He replied, "I only came out for a pint of milk"
As he walked off I noticed for the first time that he was wearing slippers and a dressing gown.
In UK tournaments there is often a prize given to the oldest player to turn up. This might sound a bit arbitrary, but if you're 95 years old and you can still face dragging your carcass to a chess tournament to get whipped by ignorant 10 year old swindlers then you probably deserve a prize!
You know who you are...
Some words for the youth who beat me in round 3:
- Stop scratching! You'll only make it worse
- Get a wash - please
- There was a big black hair hanging out of your cheese sandwich - sorry, I forgot to mention it at the time
- You may be better at chess than me but you smell funny and look like a dork. Also I am considerably older and harder than both you and your creepy mate with the lardy hair.
- A Marilyn Manson t-shirt doesn't cancel out dental braces. It just makes it worse.
Several years ago there was a book released called "Fear in Chess". The idea behind the book was that if you spend the whole game being worried and paranoid then you are more likely to spot your opponent's threats.
Now, speaking as someone who used to be physically sick before meaningless division 2 games in the local middle-of-nowhere chess league, I know all about the stress involved in a game of chess. [Incidentally, if you look in the dictionary under 'stress' there's a picture of Nigel Short holding a goose]
Boffins have proved that so much nervous energy is expended in just thinking hard during a game of chess that a player can lose a significant amount of weight. More worryingly, scientists believe that the constant and repeated release of hormones associated with the stress response are major factors involved in the deterioration of the immune system. In a nutshell, stress makes you ill.
Given that 99.99% of all chess players will never be any good at it, it seems almost criminal to encourage people to worry about it so much.
My message is RELAX! Have fun. Stop worrying and start losing!
Here are some useful phrases to remember if you ever find yourself in a stressful chess situation:
- It's easier to wear carpet slippers than to carpet the world
- It's only a game
- Imagine all the pee-pole, livin' life in peace, whoo-hoo woo-woo-woo...
- Nicole Kidman
Finally, a word about the chess variants that seem to be springing up all over the place. Games with dozens of new pieces, extra-large boards etc. I say to the variant makers - Why? Isn't chess hard enough already?!! Leave us alone you sadists!
Round 4 and I'm losing the plot. I'm sure I used to have features on my face.
My opponent - a jaundiced teenager with matching teeth and a Slipknot ski-hat. He sniggered at some internal joke or planned act of baby animal torture throughout, without once looking up.
I look forward to seeing him on Crimewatch in the near future.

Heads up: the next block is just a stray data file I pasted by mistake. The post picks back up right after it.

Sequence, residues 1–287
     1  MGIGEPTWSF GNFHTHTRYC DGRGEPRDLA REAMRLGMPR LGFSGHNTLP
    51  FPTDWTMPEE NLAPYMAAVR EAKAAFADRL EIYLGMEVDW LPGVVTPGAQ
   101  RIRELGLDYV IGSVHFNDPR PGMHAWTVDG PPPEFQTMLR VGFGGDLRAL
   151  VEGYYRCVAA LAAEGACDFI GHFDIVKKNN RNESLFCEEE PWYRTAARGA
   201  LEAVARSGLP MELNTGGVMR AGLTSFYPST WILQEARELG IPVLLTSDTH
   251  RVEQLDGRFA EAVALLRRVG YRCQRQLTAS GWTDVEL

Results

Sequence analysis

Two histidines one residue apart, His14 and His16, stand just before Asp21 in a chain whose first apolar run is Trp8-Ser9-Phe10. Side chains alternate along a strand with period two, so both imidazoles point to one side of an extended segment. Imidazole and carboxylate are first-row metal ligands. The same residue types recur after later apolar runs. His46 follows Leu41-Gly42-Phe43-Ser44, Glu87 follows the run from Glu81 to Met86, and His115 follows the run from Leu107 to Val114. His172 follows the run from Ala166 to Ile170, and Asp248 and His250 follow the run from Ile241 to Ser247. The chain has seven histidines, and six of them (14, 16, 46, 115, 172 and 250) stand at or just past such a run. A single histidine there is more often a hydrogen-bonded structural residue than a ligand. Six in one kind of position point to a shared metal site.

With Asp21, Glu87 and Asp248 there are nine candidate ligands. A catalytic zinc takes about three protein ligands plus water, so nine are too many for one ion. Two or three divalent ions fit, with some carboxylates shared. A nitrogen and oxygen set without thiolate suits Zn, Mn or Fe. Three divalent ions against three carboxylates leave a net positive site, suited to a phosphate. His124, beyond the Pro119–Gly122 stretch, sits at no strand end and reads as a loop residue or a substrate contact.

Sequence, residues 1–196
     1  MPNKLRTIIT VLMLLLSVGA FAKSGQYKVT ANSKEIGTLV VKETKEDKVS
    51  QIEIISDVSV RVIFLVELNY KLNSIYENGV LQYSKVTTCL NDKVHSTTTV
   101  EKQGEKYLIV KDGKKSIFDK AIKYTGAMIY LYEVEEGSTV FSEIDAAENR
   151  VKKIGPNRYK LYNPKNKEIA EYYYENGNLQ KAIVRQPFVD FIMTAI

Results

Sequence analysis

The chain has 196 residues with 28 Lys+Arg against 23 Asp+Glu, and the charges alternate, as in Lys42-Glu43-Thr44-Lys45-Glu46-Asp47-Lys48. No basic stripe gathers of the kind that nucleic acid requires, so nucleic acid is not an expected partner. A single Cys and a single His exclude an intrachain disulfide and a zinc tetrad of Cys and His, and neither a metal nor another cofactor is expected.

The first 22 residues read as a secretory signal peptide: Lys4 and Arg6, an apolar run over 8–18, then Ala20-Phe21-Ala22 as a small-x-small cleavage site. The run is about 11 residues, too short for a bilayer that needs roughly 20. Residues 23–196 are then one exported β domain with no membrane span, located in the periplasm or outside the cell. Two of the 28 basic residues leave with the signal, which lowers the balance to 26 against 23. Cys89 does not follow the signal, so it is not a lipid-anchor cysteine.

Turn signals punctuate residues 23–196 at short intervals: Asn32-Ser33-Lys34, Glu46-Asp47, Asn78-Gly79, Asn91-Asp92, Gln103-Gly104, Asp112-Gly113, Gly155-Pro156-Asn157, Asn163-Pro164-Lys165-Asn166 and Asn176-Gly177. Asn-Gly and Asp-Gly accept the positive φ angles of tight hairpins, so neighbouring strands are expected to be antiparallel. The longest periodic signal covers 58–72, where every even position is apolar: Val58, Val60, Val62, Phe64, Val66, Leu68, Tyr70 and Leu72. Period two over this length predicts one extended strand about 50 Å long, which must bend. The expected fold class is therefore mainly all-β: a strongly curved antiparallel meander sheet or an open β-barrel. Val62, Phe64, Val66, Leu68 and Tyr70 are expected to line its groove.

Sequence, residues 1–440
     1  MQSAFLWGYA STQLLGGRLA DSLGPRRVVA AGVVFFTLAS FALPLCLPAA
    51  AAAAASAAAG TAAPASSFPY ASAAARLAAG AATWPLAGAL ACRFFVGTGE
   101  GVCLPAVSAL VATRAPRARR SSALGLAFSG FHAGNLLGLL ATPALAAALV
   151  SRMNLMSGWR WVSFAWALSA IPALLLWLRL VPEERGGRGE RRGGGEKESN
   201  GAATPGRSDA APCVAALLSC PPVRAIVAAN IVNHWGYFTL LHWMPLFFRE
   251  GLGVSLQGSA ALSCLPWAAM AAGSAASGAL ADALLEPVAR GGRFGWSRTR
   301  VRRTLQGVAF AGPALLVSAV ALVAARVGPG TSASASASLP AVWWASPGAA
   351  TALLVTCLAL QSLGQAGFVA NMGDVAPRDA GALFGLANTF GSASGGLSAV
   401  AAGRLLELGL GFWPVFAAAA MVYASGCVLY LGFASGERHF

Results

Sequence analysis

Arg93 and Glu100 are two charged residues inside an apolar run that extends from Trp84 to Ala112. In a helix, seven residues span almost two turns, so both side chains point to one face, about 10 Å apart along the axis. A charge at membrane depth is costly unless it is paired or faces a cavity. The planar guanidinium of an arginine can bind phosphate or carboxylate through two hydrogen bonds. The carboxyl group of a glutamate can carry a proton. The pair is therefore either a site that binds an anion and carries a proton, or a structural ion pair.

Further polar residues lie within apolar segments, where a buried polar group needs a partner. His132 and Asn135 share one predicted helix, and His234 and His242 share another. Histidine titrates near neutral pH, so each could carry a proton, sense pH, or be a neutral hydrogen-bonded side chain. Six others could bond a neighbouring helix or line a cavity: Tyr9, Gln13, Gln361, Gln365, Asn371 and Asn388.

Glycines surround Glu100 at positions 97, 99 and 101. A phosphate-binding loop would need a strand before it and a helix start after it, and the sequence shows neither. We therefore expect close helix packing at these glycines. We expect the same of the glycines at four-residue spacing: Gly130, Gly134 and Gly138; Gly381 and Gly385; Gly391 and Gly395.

Lost in 15 moves.
Tip: After losing quickly, find comfort by wandering over to the novices section and locating 'The Worst Game Ever Played'. This is usually easy to spot because both players are so tense that their faces look like sweaty spam. The board will also probably be ringed by grinning onlookers, trying not to burst into hysterics.
Look out for games where each side has at least 3 pieces en prise but neither player wants to make the first capture, for unknown mystical reasons. Illegal moves go unnoticed, as do one move checkmates, and after 4 hours of grim toil they always end up with just a king each.
Watching two people twisting on a spit like this is a horrible but fascinating spectacle, and it will make you feel much better.
Dinner time - final day. Since my morning game was over in 15 moves I've been sat in the pub across the road an extra 3 hours. So, inevitably, I'm completely off my face! I decide to compose a pub salad, to soak the beer up a bit.
A pub salad is when you buy a varied selection of pub snacks, such as crisps, nuts, pork scratchings etc., and pour them into a big pile in the middle of the table.
I polish off the 'salad' then settle down to a crippling indigestion. It occurs to me that eating that much crap in one sitting isn't smart.
A group of friends arrive. They all take the p*ss.
One informs me I am on target for a "faggot norm". A Grandmaster norm requires a player to achieve a certain score in a top-rated chess tournament (once you get enough of these you are officially a GM). A "faggot norm" apparently requires a player to score 50% or less in a bog-standard, provincial chess event.
This doesn't help. Feeling a bit queasy, I decide to walk back to the playing hall, hoping the fresh air will clear my head.
I don't see much of round 5. I fold my arms on the table, rest my head on top, and stay that way for most of the game, only looking up every 15 minutes or so to make some random move and offer a draw.
2 hours in and I stagger to the gents toilet, arriving with two fists full of sick, pre-spewed. As I lean over the sink, recreating the pub salad in Jackson Pollock style, I am dimly aware of a man shielding his young son's eyes and tutting as he leads him out the door.
I spend the journey home with my face squashed against the car window trying to focus on the spinning streetlights, while my mate waves his winners cheque at me.
Make mental note never to do a chess tournament again...